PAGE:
Fashions in economic thinking are notoriously infectious and fickle. They run through communities with the speed of forest fires, often dying down as quickly as they arise. Since the end of the first World War there has been a long string of these crazes of which little now remains except derelict societies and neglected literature. It is difficult to recall now the vehemence of the propaganda in favour of rationalisation, technocracy or guild socialism, or the enthusiasm with which bands of zealots have found the real secrets of economic and social progress, now in the United States, now in Russia, in Sweden or in Switzerland. Even the obsession in Great Britain in 1946 for indiscriminate industrial re-equipment and vast capital investment has been almost forgotten.
KeywordsEurope Steam Income Defend Sonal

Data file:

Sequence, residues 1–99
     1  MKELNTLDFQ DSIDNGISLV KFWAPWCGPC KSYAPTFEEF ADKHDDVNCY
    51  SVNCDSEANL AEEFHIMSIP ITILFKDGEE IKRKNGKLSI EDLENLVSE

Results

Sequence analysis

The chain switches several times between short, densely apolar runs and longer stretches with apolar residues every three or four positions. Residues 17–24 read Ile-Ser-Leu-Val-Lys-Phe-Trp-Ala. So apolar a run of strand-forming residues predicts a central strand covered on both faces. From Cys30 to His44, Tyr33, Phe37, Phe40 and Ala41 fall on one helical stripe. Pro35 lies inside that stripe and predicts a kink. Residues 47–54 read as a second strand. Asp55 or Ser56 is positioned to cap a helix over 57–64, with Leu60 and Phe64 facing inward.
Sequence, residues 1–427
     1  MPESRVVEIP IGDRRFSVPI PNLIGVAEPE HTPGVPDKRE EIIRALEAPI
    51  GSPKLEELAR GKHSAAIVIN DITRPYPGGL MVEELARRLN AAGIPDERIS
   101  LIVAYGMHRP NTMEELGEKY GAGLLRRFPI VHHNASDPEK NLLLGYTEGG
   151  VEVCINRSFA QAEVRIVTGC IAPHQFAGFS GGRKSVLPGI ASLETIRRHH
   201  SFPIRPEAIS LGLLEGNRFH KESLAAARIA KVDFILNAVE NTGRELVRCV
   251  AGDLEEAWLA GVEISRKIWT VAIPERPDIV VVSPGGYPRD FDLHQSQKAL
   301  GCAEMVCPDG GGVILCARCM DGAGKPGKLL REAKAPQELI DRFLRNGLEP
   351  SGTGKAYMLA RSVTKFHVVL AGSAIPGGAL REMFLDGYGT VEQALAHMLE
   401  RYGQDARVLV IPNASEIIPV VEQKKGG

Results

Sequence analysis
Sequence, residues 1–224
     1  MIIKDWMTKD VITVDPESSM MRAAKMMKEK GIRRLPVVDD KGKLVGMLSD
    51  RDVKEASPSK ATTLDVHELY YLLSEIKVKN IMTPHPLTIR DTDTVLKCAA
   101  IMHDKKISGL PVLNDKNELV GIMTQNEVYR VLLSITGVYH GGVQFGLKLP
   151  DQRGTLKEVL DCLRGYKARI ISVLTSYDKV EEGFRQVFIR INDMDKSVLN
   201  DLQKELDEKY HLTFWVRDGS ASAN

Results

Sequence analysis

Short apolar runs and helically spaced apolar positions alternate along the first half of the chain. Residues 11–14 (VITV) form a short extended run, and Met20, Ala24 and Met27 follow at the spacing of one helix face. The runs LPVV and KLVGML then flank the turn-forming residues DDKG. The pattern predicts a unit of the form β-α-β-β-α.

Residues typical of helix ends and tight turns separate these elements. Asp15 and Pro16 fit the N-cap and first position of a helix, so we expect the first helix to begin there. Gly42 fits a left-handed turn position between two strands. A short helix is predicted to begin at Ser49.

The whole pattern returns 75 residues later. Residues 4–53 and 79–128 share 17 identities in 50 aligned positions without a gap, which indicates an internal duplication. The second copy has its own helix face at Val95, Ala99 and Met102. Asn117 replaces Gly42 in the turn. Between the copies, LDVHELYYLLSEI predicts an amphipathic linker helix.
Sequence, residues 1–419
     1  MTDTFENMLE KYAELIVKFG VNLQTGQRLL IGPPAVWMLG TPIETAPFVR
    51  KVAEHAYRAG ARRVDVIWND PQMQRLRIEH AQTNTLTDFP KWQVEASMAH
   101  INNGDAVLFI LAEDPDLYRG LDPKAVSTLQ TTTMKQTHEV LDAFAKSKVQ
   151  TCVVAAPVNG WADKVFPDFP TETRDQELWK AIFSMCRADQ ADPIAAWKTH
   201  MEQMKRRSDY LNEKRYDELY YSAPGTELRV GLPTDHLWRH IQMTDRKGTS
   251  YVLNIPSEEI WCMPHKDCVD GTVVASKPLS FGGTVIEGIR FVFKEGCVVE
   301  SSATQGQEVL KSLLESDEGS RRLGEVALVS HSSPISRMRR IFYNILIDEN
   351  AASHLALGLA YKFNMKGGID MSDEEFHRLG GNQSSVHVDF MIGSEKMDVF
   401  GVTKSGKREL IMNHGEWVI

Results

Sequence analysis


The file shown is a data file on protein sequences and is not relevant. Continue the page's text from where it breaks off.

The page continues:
Unable to display preview. Download preview PDF.
- 1.Mr. Morrison, House of Commons, July 8, 1947, “The test of a modern economic policy is whether or not it keeps the economy running somewhere near full capacity”.Google Scholar
- 2.Mr. Morrison, Economic Planning (1946), p. 14: “In a few years’ time people looking back will be amazed to see … how little was understood of the part which planning could play in freeing employers and workers and farmers from the horrors of uncontrolled and unforeseen fluctuations”. Sir Oliver Franks, Central Planning and Control in War and Peace, p. 37 : “The Government must so present its policy and programmes that they are accepted as the right answer in the circumstances for a nation that will be master of its fate”.Google Scholar